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See below for a selection of the latest books from Oriental religions category. Presented with a red border are the Oriental religions books that have been lovingly read and reviewed by the experts at Lovereading. With expert reading recommendations made by people with a passion for books and some unique features Lovereading will help you find great Oriental religions books and those from many more genres to read that will keep you inspired and entertained. And it's all free!
This book, first published in 1932, was written by a Western expert on Korea, and was the first to thoroughly investigate and document the old religious practices of Korea. No book like this could be written again from original sources, for all of the data has passed away, and archival records are not necessarily complete. It is a key text in the study of Korean religion.
This volume examines a category of Japanese divinities that centered on the concept of world renewal (yonaoshi). In the latter half of the Tokugawa period (1603-1867), a number of entities, both natural and supernatural, came to be worshipped as gods of world renewal. These included disgruntled peasants who demanded their local governments repeal unfair taxation, government bureaucrats who implemented special fiscal measures to help the poor, and a giant subterranean catfish believed to cause earthquakes to punish the hoarding rich. In the modern period, yonaoshi gods took on more explicitly anti-authoritarian characteristics. During a major uprising in Saitama Prefecture in 1884, a yonaoshi god was invoked to deny the legitimacy of the Meiji regime, and in the late nineteenth and early twentieth centuries, the new religion Omoto predicted an apocalyptic end of the world presided over by a messianic yonaoshi god. Using a variety of local documents to analyze the veneration of yonaoshi gods, Takashi Miura looks beyond the traditional modality of research focused on religious professionals, their institutions, and their texts to illuminate the complexity of a lived religion as practiced in communities. He also problematizes the association frequently drawn between the concept of yonaoshi and millenarianism, demonstrating that yonaoshi gods served as divine rectifiers of specific economic injustices and only later, in the modern period and within the context of new religions such as Omoto, were fully millenarian interpretations developed. The scope of world renewal, in other words, changed over time. Agents of World Renewal approaches Japanese religion through the new analytical lens of yonaoshi gods and highlights the necessity of looking beyond the boundary often posited between the early modern and modern periods when researching religious discourses and concepts.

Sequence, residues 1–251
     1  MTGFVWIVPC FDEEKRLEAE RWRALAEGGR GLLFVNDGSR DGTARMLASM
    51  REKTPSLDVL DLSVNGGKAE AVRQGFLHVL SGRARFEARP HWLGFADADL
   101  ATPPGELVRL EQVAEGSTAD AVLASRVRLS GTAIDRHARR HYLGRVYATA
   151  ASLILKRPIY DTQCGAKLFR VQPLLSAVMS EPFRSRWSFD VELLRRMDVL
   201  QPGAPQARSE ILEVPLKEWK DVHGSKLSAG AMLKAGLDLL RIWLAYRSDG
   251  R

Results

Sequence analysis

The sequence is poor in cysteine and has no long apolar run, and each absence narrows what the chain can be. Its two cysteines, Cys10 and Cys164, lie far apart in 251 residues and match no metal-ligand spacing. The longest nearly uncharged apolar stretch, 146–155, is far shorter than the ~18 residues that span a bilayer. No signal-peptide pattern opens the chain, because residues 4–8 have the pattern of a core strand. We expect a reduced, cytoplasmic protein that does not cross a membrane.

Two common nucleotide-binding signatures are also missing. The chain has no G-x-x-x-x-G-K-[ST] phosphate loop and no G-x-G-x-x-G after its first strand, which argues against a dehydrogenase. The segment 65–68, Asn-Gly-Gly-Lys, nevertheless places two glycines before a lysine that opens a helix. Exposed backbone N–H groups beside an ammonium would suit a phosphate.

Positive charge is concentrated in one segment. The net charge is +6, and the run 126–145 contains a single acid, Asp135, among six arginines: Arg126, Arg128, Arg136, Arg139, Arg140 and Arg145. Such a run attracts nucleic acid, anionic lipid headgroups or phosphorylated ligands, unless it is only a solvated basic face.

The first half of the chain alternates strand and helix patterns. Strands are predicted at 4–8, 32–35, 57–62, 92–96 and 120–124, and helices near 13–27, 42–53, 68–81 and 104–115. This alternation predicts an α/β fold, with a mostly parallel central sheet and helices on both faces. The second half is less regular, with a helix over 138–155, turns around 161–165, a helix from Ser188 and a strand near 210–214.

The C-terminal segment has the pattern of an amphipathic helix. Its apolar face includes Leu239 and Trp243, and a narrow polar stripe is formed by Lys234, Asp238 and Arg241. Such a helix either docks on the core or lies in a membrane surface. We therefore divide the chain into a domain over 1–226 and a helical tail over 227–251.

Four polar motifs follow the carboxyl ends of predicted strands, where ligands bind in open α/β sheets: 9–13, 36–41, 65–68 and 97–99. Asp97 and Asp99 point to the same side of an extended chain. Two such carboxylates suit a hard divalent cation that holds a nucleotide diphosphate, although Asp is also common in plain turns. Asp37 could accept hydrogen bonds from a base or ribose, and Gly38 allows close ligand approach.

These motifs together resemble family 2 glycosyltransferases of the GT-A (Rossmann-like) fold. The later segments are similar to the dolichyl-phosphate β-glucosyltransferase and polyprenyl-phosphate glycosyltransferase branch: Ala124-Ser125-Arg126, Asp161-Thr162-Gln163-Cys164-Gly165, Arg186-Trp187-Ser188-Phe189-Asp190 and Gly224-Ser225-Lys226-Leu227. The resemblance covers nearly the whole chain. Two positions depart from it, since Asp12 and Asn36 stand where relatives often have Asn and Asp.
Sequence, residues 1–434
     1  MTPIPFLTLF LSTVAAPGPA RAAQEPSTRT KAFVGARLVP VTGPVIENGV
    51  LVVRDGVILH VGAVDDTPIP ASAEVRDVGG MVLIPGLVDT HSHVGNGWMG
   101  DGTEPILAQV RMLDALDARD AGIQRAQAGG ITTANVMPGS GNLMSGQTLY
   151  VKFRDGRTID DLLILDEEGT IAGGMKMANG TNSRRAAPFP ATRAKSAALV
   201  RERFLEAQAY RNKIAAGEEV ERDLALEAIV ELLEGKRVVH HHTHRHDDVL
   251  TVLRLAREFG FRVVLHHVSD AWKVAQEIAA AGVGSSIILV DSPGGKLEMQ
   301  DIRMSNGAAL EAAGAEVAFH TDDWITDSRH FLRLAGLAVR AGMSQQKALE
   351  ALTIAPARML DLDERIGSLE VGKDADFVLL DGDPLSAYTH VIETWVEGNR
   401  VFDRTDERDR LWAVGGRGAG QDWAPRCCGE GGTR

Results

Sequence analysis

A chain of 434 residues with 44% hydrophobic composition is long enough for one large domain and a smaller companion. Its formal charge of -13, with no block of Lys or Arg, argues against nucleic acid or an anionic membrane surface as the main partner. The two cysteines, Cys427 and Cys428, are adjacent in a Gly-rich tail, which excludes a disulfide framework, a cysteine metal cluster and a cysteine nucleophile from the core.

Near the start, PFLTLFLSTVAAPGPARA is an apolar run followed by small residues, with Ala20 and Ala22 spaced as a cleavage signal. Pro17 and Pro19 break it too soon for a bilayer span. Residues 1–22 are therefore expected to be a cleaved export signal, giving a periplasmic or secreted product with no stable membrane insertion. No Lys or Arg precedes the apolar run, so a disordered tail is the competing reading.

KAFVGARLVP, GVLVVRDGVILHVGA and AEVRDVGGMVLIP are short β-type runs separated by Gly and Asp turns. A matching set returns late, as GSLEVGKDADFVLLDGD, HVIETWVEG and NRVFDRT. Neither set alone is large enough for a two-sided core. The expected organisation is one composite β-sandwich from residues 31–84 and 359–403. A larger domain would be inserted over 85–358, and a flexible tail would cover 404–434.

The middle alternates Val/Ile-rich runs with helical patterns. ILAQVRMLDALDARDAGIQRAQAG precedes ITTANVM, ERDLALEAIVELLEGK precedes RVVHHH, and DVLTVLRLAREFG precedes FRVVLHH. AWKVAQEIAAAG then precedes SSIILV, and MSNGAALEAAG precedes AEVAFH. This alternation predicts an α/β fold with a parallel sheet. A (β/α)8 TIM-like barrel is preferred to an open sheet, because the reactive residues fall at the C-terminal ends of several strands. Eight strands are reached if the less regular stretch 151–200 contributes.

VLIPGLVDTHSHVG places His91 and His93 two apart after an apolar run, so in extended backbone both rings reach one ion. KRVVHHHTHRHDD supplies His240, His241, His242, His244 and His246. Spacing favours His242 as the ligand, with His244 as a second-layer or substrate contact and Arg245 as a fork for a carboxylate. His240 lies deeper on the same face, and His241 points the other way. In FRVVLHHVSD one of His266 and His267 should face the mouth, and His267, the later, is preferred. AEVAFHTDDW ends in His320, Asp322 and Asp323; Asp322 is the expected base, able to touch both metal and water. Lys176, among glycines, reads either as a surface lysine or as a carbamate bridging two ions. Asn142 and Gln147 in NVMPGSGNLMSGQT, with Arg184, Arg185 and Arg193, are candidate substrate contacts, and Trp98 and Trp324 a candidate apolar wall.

The cult of the dead, centered on Todos Santos, the All Saints Day-All Souls Day celebration, is one of the most important aspects of Mesoamerican Indian and mestizo religion. Focusing on rural Tlaxcala, in Mexico, Hugo Nutini presents a thorough description and analysis of the cult in its syncretic, structural, and expressive dimensions and describes its development from the original confrontation of pre-Hispanic polytheism and Spanish Catholicism, through colonial times, until the disintegration of the system of folk religions that is even now occurring. The discussion of the expressive component of the cult of the dead is a crucial contribution of the study. Professor Nutini shows that symbolism can be an adjunct to expressive studies, but not an end in itself. In addition, he postulates a theory that may serve as a model for studies of the combination and reconciliation of religious beliefs in other contexts. Emphasizing folk theology, teleology, and eschatology, rather than the mechanical and administrative components more frequently studied in works on Mesoamerican Indian and mestizo religions, he concludes that the local system is monolatrous, rather than monotheistic. Originally published in 1988. The Princeton Legacy Library uses the latest print-on-demand technology to again make available previously out-of-print books from the distinguished backlist of Princeton University Press. These editions preserve the original texts of these important books while presenting them in durable paperback and hardcover editions. The goal of the Princeton Legacy Library is to vastly increase access to the rich scholarly heritage found in the thousands of books published by Princeton University Press since its founding in 1905.